If they argue that at the time of filing given the time remaining until the program reauthorization in 2021 they had reasonably expected that their I-526s would have been approved well within the time window but for the pandemic and the anti-immigration policies? It might be a tenuous argument but still it is arguably legitimate and meritorious? I think if developed properly this argument could fly in court. What do you think?

          • Darshan says:

            Yes i know your reasoning as i have been through some of this. There have been writ of mandamus lawsuits with regards to 526 processing delays. I think the success rate with mandamus has been mixed. That said, i can see the argument for additional harm being caused by 526 processing delays if the delays mean that the EB5 program itself expired. Then it comes down to making the case in court and persuading a judge of this line of reasoning – it is a bit tenuous as you said but it is not totally implausible.

      • Nathan says:

        A very sensible answer. It’s going to be a merry-go-around for “lawyers” indeed. I think I read every letter of the subscription contract carefully. But, there would have been something on the administrative risks such as what we are potentially facing now and even a follow-up clause whereby I already released them from potential liabilities. Thank you for your answer. Please keep us posted on future developments.

        Thank you for your service.

  7. Your point about US businesses pitching for investment is true. I already got 4 emails today from different entities to take advantage of the narrow window for 500k investment, yet no promises for GC from what I understand from your useful post here. In essence, they are not really disclosing the real risk of RC program expiring. Glad there are transparent bloggers like you, who are giving updates on this. Lots of money and lots of stakeholders.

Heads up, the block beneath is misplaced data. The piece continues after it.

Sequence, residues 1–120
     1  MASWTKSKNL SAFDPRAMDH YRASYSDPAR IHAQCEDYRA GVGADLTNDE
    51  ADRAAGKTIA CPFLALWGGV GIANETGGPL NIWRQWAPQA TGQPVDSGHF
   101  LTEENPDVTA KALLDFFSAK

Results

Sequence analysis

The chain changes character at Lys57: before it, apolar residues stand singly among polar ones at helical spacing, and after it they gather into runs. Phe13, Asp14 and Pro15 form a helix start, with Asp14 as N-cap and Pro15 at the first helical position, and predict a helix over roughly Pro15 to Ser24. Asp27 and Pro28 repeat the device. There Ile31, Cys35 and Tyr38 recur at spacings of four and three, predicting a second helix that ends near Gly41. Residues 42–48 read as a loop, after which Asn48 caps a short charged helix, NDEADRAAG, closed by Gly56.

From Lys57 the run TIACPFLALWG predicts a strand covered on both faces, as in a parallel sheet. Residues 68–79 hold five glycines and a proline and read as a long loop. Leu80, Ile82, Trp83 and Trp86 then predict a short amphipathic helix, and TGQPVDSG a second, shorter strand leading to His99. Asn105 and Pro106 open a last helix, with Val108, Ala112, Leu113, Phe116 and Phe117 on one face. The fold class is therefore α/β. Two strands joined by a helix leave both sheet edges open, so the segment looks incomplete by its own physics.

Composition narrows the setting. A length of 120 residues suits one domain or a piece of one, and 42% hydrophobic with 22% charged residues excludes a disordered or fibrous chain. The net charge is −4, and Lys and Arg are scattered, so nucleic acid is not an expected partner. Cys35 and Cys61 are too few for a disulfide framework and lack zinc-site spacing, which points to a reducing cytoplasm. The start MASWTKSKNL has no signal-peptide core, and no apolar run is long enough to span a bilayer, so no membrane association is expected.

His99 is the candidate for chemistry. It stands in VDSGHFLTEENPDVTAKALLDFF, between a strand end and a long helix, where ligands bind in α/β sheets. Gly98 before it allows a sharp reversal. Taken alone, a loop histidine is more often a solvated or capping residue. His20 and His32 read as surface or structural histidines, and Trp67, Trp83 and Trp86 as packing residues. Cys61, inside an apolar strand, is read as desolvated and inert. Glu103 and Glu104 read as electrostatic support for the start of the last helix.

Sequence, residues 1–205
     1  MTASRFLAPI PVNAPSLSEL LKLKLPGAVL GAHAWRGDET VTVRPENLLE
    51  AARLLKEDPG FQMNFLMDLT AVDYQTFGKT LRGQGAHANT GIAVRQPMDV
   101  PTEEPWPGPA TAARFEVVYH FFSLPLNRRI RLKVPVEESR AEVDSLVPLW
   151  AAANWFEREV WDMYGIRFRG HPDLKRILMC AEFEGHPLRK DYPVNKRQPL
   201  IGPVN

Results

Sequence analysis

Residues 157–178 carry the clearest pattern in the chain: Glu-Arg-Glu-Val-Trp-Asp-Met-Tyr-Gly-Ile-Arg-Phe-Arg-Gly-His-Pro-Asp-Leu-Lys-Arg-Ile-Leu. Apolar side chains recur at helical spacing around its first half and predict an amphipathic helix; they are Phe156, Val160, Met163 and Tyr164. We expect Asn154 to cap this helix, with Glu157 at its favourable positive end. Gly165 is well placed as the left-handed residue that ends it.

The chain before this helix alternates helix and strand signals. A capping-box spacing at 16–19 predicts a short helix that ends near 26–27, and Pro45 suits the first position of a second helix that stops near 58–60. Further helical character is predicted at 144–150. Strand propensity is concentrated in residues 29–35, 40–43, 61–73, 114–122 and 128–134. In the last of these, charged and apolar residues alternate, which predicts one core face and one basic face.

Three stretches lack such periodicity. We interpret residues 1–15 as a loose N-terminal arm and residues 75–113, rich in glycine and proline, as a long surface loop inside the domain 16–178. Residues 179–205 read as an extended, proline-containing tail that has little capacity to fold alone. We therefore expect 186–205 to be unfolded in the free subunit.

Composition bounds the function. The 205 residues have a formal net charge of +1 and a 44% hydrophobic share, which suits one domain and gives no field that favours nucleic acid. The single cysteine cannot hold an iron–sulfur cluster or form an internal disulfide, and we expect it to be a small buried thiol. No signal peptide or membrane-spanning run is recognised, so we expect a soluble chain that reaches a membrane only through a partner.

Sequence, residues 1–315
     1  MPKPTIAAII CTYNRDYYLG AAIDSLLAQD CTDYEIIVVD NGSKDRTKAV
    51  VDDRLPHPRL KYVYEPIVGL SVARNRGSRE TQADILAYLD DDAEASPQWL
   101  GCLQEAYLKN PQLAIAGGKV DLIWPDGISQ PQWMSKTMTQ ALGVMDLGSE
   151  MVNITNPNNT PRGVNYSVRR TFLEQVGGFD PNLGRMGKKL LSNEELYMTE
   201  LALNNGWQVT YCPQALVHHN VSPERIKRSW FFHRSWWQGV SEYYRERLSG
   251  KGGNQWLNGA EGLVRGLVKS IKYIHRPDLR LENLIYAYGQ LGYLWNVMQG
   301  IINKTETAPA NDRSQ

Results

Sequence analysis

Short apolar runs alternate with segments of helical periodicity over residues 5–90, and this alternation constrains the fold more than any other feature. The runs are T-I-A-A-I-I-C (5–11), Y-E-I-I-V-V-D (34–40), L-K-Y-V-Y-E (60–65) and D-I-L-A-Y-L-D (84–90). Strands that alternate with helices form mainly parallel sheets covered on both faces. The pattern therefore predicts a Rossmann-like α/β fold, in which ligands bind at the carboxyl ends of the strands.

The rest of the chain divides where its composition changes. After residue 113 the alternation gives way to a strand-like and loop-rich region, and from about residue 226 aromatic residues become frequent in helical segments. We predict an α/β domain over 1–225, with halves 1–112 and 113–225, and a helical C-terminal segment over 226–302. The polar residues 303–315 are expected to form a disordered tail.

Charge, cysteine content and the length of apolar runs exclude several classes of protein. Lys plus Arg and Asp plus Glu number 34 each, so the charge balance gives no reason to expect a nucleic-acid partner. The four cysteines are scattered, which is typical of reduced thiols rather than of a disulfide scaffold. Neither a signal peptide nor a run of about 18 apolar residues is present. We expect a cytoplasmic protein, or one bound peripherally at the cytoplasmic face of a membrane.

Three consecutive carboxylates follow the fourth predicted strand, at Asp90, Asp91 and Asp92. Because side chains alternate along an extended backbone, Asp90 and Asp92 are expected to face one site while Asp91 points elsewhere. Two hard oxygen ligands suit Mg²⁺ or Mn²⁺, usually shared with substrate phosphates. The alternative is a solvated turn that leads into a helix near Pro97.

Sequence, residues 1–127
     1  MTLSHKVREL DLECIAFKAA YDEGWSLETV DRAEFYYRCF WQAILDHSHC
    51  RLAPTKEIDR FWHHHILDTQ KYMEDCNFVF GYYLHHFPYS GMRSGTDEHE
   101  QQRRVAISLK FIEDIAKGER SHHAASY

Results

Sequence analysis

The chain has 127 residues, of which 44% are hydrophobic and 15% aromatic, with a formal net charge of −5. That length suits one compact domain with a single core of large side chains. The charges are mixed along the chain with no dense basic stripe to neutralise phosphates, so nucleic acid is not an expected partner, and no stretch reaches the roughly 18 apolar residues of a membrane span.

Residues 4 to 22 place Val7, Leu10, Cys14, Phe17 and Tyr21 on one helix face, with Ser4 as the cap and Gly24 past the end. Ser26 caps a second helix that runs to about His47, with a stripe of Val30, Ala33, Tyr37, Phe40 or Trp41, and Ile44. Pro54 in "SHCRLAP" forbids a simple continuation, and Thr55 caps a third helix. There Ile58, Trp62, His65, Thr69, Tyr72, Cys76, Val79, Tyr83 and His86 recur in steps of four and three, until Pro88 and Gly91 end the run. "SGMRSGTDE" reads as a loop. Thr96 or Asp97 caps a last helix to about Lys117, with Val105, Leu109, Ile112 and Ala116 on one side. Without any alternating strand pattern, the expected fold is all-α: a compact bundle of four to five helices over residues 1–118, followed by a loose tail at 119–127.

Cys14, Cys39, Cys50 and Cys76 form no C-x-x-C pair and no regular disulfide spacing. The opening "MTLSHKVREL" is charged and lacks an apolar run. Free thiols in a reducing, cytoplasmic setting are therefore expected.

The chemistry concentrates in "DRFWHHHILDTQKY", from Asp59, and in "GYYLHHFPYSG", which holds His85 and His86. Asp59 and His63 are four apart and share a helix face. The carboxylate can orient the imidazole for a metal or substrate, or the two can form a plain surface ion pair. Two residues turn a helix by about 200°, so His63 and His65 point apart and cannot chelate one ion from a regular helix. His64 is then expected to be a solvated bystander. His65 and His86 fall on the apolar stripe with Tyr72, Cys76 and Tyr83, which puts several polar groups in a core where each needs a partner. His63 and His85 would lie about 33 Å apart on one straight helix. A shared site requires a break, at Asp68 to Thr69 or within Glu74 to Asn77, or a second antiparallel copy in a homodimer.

8. Don says:

    Given the major development from the Behrings win, I think (thinking hard here), since the senate is recessing on Friday, and lacks time to do anything else in a hurry, they will give another extension till September or so, IMO.

  9. Kim says:

    I’m curious why the EB-5IC contingency is framing the Behring lawsuit as some sort of massive win, given that the widespread expectation is that the industry has only 1 week (until June 30th) back at the $500,000 investment level. It’s hard for me to see how this will help the industry and I can’t help thinking that those legal efforts might have been better put towards securing program authorization. If anything I imagine that this will make reauthorization even trickier since investment amounts and TEA definition will become yet another thing for IIUSA and EB-5IC to argue over in any upcoming bills.